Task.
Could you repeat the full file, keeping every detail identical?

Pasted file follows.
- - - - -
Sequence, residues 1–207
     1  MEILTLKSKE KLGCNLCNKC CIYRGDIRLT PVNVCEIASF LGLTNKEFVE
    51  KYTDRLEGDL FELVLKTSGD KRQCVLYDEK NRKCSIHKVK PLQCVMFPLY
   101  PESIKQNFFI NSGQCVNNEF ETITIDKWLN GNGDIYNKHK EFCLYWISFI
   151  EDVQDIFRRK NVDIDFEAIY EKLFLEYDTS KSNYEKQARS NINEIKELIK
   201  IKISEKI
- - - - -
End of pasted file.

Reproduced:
Sequence, residues 1–207
     1  MEILTLKSKE KLGCNLCNKC CIYRGDIRLT PVNVCEIASF LGLTNKEFVE
    51  KYTDRLEGDL FELVLKTSGD KRQCVLYDEK NRKCSIHKVK PLQCVMFPLY
   101  PESIKQNFFI NSGQCVNNEF ETITIDKWLN GNGDIYNKHK EFCLYWISFI
   151  EDVQDIFRRK NVDIDFEAIY EKLFLEYDTS KSNYEKQARS NINEIKELIK
   201  IKISEKI